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Python Python Collections (Retired) Lists Redux Shopping List Take Three

Alexander Mazur
Alexander Mazur
3,543 Points

Syntax question

for item in new_list: shopping_list.insert(spot, item.strip())

I am a bit confused about the for loop. Where is item defined? And how does it determine how the for loop will run?

2 Answers

Okay, so in a for loop you will have:

for i in list:

The 'for' bit tells the program that this is a for loop. The 'i' bit is just a temporary variable (this means that it can be whatever you like. So you could have 'for item in list' for e.g. The 'in' part states that the data the loop needs to iterate over is coming next. The 'list' part is the name for the variable or list or whatever you want to iterate over. So if you wanted to iterate over a list called 'shopping_list', your for loop would read:

for item in shopping_list:       #where I wrote 'item' you can write anything you like!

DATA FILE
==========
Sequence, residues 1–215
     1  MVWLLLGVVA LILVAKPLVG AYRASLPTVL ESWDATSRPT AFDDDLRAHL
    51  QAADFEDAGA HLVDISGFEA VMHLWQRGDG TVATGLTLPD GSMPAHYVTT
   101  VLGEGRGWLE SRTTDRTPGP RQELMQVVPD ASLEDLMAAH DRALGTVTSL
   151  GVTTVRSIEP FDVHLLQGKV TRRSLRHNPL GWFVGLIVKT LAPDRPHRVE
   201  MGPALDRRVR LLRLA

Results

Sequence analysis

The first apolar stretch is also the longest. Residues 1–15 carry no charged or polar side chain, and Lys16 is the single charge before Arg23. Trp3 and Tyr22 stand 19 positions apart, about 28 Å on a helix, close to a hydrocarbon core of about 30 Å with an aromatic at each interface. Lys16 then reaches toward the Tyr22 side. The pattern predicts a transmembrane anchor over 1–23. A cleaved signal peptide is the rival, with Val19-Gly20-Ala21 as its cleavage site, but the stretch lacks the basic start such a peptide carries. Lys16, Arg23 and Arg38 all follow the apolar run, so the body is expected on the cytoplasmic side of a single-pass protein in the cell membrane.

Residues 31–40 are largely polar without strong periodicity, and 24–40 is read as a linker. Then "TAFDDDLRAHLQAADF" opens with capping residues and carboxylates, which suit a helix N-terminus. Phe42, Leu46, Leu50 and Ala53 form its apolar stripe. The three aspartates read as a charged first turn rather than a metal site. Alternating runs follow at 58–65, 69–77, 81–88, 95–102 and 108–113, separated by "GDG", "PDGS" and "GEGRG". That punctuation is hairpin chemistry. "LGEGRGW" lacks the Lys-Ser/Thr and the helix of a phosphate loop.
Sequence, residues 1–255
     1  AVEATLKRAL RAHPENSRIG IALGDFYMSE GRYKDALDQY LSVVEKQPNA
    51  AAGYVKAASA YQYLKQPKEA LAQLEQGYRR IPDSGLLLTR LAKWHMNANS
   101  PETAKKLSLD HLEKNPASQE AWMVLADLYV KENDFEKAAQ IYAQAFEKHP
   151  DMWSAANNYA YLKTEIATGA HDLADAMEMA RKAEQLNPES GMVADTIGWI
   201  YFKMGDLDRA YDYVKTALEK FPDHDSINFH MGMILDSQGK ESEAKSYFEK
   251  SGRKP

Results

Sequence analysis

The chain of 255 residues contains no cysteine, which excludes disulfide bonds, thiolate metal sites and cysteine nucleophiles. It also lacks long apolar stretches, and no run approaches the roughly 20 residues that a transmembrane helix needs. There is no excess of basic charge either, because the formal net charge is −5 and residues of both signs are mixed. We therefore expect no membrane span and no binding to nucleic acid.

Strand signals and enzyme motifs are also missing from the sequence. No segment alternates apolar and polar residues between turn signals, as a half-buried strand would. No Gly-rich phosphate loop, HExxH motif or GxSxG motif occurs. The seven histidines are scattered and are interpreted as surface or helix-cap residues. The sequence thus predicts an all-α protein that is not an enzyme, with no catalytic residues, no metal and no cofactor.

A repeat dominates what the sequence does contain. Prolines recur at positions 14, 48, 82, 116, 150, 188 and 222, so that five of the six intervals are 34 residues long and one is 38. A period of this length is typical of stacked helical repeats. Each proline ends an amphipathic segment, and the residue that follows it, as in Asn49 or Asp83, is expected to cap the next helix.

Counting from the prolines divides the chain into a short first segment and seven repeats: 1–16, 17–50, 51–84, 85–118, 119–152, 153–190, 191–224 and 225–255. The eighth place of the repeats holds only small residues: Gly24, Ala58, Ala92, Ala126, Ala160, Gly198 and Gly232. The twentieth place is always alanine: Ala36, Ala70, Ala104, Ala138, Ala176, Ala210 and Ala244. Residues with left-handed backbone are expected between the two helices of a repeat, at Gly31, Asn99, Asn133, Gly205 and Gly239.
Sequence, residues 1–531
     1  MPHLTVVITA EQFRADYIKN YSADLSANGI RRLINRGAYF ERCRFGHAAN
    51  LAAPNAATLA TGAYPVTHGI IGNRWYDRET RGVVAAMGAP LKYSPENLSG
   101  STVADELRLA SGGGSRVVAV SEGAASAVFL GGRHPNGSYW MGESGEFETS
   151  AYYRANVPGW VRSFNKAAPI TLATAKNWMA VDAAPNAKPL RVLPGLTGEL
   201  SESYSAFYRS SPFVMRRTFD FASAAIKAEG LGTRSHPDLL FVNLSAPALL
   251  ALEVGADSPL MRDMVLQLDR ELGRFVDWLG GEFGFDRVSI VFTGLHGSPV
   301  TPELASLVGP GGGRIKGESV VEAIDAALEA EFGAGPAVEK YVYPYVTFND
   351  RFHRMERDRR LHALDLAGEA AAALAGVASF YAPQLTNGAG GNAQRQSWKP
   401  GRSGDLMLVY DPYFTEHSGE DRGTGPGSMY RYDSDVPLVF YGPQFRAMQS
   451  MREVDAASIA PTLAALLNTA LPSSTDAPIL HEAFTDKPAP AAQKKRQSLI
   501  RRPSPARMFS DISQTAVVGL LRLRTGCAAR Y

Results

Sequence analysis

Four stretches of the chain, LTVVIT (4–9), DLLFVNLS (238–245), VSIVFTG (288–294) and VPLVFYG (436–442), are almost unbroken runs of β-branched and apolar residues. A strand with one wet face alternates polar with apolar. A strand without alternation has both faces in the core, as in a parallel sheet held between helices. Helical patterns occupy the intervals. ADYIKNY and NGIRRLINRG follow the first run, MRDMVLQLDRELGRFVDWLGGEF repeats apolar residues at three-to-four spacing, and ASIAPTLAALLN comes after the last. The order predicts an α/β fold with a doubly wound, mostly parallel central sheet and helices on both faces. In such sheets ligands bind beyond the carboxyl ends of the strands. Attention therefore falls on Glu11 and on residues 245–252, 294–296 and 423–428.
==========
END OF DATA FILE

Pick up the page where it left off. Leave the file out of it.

After that's set up you write what you actually want to to with each item. This may be print or find a certain index e.t.c.

So to conclude your final for loop syntax is:

for i in list:
  #Do stuff (i.e. print)

Also the 'item' as you asked is defined in the first line in the loop. you don't need to define it beforehand. Also the loop will run until the data it's iterating over runs out (i.e. when the end of the shopping list is reached)

item doesn't need to be defined. it is just a variable we are using to describe what is in our list. the syntax works just fine as it is. it is a way of telling the program that for whatever thing that is the list do something. if it were a list of numbers you could say for number in new_list, or even for num in new_list, this will work just the same and give the same answer.